There has been much confusion around the latest announcement from the government on changes to the lockdown restrictions. The Labour Party, under the leadership of Keir Starmer, has been pushing the government for more details on the plan going forward as there are many questions left unanswered (see an example of this here).
The virus remains active in our communties and, in order to help restrict its spread and prevent further large outbreaks, we must have extensive local testing and tracing measures in place. This will help us to isolate and control any new outbreaks quickly and efficiently.
The focus to-date has been centred around testing an app on the Isle of Wight, but we cannot rely on an app alone. Contact tracing is a skill that requires community knowledge. Despite having more than 20 years’ experience working in NHS planning, I have found it difficult to follow how the Government intends testing and tracing to work once scaled up.
The Government is not currently choosing not to use local expertise to test, trace and track the virus. It is not even sharing existing test result data with local authorities and healthcare providers to enable them to better respond to localised outbreaks of the virus. The test, trace and isolate strategy will not work unless ministers ensure that local public health planners have the tools and resources they need to make it function efficiently (see video here).
Speaking in The Public Administration and Constitutional Affairs Committee this week (see video here) , I raised my concern that the centralised national approach to this means that we aren’t in a position to undertake the necessary level of testing and tracing to successfully isolate new outbreaks in schools, let alone cities the size of Bristol.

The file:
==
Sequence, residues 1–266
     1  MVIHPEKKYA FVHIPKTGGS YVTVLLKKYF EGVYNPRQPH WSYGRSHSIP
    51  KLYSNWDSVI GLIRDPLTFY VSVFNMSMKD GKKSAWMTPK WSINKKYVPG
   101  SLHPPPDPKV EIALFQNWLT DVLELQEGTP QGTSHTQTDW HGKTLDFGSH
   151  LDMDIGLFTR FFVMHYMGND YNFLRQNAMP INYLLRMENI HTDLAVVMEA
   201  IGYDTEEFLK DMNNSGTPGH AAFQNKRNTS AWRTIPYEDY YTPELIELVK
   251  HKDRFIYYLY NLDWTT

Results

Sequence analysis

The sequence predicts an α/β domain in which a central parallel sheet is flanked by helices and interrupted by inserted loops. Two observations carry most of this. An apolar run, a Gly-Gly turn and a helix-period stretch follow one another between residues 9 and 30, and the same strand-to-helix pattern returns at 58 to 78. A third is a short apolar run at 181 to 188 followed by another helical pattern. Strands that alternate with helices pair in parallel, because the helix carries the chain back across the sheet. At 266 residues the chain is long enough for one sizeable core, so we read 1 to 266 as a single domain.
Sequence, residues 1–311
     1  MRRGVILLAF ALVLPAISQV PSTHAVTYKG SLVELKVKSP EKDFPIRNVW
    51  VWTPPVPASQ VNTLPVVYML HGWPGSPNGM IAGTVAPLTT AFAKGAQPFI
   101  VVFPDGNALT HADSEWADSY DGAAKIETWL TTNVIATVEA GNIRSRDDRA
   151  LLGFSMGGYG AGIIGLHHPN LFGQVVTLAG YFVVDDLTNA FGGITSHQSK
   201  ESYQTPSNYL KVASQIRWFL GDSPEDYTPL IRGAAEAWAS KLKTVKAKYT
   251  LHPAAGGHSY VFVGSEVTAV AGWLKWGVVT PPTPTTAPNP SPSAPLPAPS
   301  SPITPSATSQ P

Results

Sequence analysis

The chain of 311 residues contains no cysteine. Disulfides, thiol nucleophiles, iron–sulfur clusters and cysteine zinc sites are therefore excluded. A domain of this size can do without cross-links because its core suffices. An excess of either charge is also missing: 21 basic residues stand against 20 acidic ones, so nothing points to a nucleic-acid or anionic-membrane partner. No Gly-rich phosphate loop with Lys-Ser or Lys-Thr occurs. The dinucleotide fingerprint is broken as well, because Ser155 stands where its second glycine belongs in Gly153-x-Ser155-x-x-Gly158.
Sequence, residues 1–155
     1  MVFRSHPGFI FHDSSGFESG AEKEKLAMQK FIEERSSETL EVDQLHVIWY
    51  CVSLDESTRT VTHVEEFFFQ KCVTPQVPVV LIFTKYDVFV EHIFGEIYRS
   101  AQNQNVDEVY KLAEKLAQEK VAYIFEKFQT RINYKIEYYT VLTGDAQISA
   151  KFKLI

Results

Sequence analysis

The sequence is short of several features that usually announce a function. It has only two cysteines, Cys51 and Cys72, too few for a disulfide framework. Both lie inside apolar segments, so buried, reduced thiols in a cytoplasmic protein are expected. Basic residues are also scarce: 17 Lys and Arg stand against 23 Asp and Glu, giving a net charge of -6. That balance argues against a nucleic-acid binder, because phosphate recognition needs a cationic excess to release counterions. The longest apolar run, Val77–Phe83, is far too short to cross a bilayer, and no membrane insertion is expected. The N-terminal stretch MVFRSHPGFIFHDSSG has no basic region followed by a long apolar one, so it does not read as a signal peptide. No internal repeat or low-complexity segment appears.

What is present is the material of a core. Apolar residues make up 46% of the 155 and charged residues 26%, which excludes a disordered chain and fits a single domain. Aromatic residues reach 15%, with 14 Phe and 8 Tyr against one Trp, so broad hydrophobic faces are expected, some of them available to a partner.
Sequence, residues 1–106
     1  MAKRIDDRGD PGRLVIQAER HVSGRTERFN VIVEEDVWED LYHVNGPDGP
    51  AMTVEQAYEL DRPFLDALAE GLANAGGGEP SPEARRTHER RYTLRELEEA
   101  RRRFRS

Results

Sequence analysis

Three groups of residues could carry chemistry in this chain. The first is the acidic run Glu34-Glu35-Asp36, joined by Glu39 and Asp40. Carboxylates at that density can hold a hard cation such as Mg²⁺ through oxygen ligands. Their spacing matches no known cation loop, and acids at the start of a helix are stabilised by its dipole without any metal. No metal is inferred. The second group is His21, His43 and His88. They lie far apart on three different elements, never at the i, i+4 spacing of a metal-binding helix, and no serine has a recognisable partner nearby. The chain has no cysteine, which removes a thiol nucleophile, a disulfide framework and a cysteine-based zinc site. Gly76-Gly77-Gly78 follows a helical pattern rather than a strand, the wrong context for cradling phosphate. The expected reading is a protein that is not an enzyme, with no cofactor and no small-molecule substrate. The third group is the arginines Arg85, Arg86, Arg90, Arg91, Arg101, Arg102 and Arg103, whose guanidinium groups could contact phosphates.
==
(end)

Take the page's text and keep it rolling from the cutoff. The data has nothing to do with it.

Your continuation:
I asked the UK’s National Statistician Sir Ian Diamond, how we get from where we are now to where we need to be – following the example of countries such as South Korea, which has used testing and tracing to avoid a lockdown, control the virus and protect its citizens. Sir Diamond agreed that we do need to work on this and pointed to the new creation of a Joint Biosecurity Centre, which he said would play an important role in harnessing a huge amount of data in a way that we haven’t done so far. But this centre is in its infancy, the crisis is now.
People are now being told to take risks as part of the changes to the lockdown restrictions – to return to work, to prepare to send their children back to school or nursery and, for those without cars, to use public transport in order to do so. Without significant localised testing and contact tracing which identifies those who need to self-isolate, this leaves us with very limited protection against this highly contagious disease.
Almost every country that has managed to get to the next stage has had significant testing and tracing as part of the strategy. The UK needs to do that too and I, and the Labour Party, will continue to push the Government on this.